The Presidential Daily Brief


  1. alternative for germany poster by erik n. nelson

    Anti-Migrant AfD Beats Merkel’s Party in Her Backyard 

    You can’t call them fringe. The anti-Islam, anti-refugee Alternative for Germany (AfD) is on track to win 21 percent in today’s state elections in Mecklenburg-Western Pomerania. The upstart populists have already won seats in eight other state legislatures, but this Baltic coastal state is Chancellor Angela Merkel’s home constituency, where her Christian Democrats — eroded by defections — eked out less than 20 percent and third place after the Social Democrats and AfD, raising questions about how Merkel, who’s weighing her options, would fare in national elections next year.

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    Obama Climbs Down From China Scuffles

    Was he even invited? When the American president arrives in a foreign land, customarily there’s a red carpet. But when Air Force One arrived in Hangzhou Saturday for the G-20 Summit beginning today, there was a carpet, but no stairs, forcing President Obama to clamber down what appeared to be built-in steps from a lower exit. Then his aides nearly scrapped with Chinese officials over their press restrictions. But Obama downplayed the drama, saying there’s often protocol friction during such visits, and ended Saturday with a chummy moonlight stroll with Chinese President Xi Jinping.

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    The Football Tide Rolls In, Awash in Controversy

    Please stand for the national anthem. Unless, of course, you’re sitting with Colin Kaepernick. It’s football season, and the drama isn’t about patriotism; it’s about touchdowns, yards gained, passes completed and the long-term effects of frequent cranial impacts. College ball began Saturday, with Alabama’s No. 1-ranked Crimson Tide rolling over USC’s Trojans, 52-6. The NFL officially kicks off this week without Patriots QB Tom Brady, who is starting his four-game Deflategate suspension, and fans can first tune in Thursday to see the Panthers and Broncos face off.

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    As Coastal Waters Rise, China and U.S. Agree to Climate Pact

    It’s a high-water mark. Chinese President Xi Jinping and Barack Obama can agree on one thing: The Paris Agreement on climate change, which both leaders said they’d ratify Saturday ahead of the G-20 Summit that started in Hangzhou today. Being the globe’s worst polluters, their assent should induce other nations to follow suit, allowing the agreement — structured to avoid a skeptical Congress’ involvement — to take effect this year. And with water rising into coastal communities — even when it’s sunny — the timing will be auspicious.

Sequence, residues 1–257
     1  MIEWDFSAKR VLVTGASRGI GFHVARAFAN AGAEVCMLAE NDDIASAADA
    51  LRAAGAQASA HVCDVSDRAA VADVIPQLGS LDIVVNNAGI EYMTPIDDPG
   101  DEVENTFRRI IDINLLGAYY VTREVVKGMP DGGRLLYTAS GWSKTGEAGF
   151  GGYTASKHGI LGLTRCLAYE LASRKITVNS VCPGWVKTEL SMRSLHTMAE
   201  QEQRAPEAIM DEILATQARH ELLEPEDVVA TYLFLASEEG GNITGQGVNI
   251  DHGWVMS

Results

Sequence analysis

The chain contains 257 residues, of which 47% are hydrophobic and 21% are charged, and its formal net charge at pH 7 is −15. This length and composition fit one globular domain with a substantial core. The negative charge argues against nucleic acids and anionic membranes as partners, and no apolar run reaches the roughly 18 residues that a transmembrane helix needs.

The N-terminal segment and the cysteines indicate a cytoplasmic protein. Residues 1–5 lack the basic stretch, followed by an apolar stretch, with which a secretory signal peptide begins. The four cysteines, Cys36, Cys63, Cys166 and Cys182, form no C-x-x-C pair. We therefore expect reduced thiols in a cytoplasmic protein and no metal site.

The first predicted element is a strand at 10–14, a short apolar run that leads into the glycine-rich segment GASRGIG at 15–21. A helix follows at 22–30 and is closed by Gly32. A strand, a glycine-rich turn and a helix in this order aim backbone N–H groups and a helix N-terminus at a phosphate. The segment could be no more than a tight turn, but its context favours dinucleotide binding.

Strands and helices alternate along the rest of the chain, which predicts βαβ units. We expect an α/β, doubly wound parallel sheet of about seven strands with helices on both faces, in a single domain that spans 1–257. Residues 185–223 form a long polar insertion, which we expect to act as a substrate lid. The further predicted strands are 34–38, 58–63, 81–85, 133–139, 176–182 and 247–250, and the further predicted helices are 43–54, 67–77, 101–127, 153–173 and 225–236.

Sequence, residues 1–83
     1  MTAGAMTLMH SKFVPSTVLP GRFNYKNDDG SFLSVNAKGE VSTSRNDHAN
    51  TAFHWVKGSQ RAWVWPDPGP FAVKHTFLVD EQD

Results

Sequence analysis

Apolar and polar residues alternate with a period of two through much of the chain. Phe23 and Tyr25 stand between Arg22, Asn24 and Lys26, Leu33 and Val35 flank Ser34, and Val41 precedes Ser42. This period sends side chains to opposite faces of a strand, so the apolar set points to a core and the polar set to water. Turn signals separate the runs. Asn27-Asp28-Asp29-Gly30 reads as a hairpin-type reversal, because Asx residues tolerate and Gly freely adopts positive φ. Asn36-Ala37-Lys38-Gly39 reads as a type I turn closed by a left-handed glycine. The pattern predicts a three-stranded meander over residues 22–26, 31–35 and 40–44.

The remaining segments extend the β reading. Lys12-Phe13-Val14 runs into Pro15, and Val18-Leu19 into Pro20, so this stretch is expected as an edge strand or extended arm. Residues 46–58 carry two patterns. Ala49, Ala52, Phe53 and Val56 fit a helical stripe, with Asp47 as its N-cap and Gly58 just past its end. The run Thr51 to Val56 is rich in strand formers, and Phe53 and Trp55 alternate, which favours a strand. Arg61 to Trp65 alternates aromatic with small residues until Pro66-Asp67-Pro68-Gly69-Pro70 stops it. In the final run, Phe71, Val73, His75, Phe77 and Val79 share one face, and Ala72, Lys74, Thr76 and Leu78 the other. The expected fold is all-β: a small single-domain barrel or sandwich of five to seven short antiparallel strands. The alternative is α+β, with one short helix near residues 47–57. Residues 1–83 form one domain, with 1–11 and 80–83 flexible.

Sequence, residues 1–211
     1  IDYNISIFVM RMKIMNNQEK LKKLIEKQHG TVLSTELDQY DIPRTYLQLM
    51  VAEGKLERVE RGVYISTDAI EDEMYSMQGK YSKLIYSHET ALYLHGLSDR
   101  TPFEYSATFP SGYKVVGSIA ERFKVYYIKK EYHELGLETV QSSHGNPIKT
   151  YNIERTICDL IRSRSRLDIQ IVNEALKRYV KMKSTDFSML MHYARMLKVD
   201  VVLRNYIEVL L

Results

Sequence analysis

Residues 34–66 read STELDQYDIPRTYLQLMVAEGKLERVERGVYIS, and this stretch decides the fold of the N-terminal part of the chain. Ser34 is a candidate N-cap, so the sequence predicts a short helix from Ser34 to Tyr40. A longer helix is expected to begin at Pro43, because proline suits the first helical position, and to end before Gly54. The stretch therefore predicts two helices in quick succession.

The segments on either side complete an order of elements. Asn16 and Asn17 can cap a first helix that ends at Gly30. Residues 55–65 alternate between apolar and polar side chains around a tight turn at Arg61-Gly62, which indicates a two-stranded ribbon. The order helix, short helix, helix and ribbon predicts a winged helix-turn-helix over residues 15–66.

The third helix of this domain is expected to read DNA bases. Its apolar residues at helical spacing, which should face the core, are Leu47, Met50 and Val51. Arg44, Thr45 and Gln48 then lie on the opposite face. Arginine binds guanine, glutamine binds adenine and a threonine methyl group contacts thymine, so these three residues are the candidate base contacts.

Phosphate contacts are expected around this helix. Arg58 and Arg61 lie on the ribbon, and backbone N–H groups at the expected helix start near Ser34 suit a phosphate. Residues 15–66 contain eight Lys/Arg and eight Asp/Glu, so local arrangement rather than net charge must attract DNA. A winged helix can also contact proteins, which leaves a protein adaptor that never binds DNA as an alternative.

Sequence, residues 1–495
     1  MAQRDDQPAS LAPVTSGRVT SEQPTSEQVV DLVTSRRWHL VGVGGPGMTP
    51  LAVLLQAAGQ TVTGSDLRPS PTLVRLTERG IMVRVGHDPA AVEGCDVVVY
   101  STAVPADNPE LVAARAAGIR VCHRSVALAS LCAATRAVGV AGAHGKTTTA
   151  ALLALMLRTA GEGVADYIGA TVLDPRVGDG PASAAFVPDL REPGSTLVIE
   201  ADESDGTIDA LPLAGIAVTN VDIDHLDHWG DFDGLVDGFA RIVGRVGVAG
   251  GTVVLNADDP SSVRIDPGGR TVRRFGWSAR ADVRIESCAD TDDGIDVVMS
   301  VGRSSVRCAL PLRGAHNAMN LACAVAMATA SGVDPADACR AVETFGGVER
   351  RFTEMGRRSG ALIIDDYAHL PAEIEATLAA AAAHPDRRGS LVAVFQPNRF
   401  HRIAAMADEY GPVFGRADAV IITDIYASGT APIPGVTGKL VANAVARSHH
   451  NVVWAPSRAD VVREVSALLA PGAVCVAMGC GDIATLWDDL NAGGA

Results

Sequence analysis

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    Donald Trump Dips South of the Border

    He came, he saw, he backtracked. The GOP candidate recently appeared to turn a corner on immigration, softening his signature vow to deport all illegal immigrants. Most stunning was the mogul’s hastily arranged trip to visit Mexican President Enrique Peña Nieto. But rather than an anticipated policy pivot, it seems that the Donald was just taunting his enemy. He returned to America to lay out a harsh policy of blanket deportation that prompted two members of his National Hispanic Advisory Council to quit — all the while improving his poll numbers.

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    Have Kurds in Syria Been Hung Out to Dry?

    They’re used to it. Since an abortive independence offer after World War I, Kurds have known plenty of betrayal. Now they suspect Washington, having ok’ed a recent Turkish assault into Syria that pushed back against Kurdish gains, is done with them. Western officials say the Kurds are highly effective at thwarting ISIS, yet Ankara prefers to label Kurdish fighters as terrorists. While one Kurdish leader says “we don’t need world powers to survive,” this ethnic group fears that American officials may be selling them out to play nice with Turkish allies.

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    Apple and Ireland’s Real Versus Fantasy Economies